I'm pretty sure that parents would all agree that name-calling is a no-no. Why? Because it's disrespectful, judgmental, hurtful and downright not nice. Right? Right. OK that was easy.
But let's turn the tables and take a more nuanced look at name-calling.
This summer, I told my daughter she was being close-minded.
Rightfully so, my daughter protested: "How is that constructive, or even nice?"
Well, it wasn't.
The details don't matter. I was busted. I was being a name-caller.
Now, I am not a name-caller. At least, I didn't think I was, but, like anyone else, I get upset when thwarted or ignored.
What if, just what if, I'd said to my daughter: "I'd really like it if we both listen to what the other is saying. Can we do that?"
Sometimes pointing out a problem (such as negativity or stubbornness) invites a child to do more of what they were already doing that we didn't like. If we put out the welcome mat for what we'd actually like to see, it might actually happen.
Doing a Mindshift
The reason parents get wedged into their own name-calling corners is that we don't let ourselves share the frustration, a little at a time, that naturally and predictably builds when we feel ignored or tested. Instead, we wait, and wait, and wait patiently as our children do everything but what we want, and then like any good combustion engine, we blow.
So the mindset shift that parents need to adopt is that it's OK to not be endlessly patient. Instead, it's actually helpful to say what you want. This is sounding slightly familiar to what we might tell a four-year-old who is throwing a tantrum. Just saying what you want doesn't guarantee that you will get it, but it won't make things worse, and it may help you feel better.
The same applies here. Practicing opposites won't guarantee that your child will be more flexible, open-minded, or organized, but, it gives those desired behaviors the airtime they deserve. How would they really even know how to get better at those preferred behaviors if they are never mentioned?
Let's practice a few examples of opposites.
If you're tempted to say, "you're so stubborn," ask your child if she could give you some of her flexibility instead.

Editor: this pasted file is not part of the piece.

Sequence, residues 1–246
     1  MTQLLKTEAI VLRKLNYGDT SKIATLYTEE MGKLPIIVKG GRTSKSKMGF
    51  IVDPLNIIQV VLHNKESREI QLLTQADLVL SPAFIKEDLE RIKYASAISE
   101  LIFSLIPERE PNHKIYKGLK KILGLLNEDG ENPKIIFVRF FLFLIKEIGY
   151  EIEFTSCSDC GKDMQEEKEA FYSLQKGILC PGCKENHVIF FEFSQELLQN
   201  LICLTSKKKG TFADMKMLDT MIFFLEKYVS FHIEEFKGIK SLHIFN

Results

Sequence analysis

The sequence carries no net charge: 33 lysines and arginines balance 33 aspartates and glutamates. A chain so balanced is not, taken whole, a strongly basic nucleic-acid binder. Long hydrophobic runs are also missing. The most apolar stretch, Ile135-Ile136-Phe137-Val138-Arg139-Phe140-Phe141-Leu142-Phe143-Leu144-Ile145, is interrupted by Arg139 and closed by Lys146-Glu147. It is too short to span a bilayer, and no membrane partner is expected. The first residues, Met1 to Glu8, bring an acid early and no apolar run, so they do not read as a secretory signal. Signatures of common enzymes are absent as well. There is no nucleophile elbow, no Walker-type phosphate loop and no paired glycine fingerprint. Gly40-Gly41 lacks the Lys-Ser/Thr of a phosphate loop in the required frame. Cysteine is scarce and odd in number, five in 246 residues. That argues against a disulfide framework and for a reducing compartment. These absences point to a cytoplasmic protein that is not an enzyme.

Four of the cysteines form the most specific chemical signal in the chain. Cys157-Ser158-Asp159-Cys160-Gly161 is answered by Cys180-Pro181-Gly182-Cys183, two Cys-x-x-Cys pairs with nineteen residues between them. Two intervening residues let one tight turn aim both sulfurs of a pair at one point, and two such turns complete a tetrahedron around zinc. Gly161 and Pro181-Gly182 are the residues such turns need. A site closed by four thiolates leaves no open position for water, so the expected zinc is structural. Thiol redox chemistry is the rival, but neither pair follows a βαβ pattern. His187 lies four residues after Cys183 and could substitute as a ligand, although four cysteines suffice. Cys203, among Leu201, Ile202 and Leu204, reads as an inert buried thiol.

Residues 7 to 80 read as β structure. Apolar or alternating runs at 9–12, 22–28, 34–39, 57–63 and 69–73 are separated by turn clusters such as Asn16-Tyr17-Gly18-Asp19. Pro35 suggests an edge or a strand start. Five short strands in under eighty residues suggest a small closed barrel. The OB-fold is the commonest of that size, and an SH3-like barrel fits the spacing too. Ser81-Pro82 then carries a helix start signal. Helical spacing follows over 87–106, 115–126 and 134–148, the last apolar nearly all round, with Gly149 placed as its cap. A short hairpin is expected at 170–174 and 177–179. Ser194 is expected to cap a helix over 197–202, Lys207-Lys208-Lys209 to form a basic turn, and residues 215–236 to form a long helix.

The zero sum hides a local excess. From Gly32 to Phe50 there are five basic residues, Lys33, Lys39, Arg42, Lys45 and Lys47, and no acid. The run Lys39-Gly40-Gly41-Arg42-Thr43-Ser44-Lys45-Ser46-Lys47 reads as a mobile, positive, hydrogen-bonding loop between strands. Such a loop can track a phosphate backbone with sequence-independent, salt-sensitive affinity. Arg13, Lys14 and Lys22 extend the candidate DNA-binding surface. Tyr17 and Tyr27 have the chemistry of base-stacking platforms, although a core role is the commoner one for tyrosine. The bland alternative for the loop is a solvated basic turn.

Bratty? Ask if you can see some of his best behavior.
Sassy? See if she can bring her respect to the situation.
Negative? Request looking together constructively at the possibilities rather than the failures.
Basically take the not-so-nice name you are thinking in your head and ask yourself -- what is the opposite? Then ask for that.
Your kids will learn how to do this, too.
There will likely still be moments when we fall flat on our faces and let a name slip out. The best thing to do is admit it. Model for your child that these are fixable moments. In fact, to show that this is a family project, you could institute a fine jar for name calling, but instead of highlighting the problem by charging a quarter for bad name calling, give credit instead for framing your feedback in a more positive way.
Every time a member of the family catches themselves before (or quickly after) saying a name, and flips it around to a more positive request, they get to put a coin in a jar. When you have a bunch of coins, decide as a family on a fun celebration for being good to each other.
It may feel awkward at first, and your teen may accuse you of being too therapisty, or touchy-feely, but don't be surprised if it catches on. Your son or daughter might actually come to call you on the carpet for your occasional bossiness or close-mindedness, but if they can do that respectfully by flipping it around, it's a job well done for all.
©2015 Tamar Chansky, Ph.D. Previously published on Newsworks.org